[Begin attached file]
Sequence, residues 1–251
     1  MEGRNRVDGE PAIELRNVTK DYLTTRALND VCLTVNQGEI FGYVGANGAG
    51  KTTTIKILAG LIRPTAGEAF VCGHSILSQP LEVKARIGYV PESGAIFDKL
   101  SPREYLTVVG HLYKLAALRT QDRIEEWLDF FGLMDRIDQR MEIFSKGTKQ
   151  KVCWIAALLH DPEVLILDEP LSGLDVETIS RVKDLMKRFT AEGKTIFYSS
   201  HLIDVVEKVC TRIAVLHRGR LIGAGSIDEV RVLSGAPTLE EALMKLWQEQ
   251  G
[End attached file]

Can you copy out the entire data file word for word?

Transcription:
Sequence, residues 1–251
     1  MEGRNRVDGE PAIELRNVTK DYLTTRALND VCLTVNQGEI FGYVGANGAG
    51  KTTTIKILAG LIRPTAGEAF VCGHSILSQP LEVKARIGYV PESGAIFDKL
   101  SPREYLTVVG HLYKLAALRT QDRIEEWLDF FGLMDRIDQR MEIFSKGTKQ
   151  KVCWIAALLH DPEVLILDEP LSGLDVETIS RVKDLMKRFT AEGKTIFYSS
   201  HLIDVVEKVC TRIAVLHRGR LIGAGSIDEV RVLSGAPTLE EALMKLWQEQ
   251  G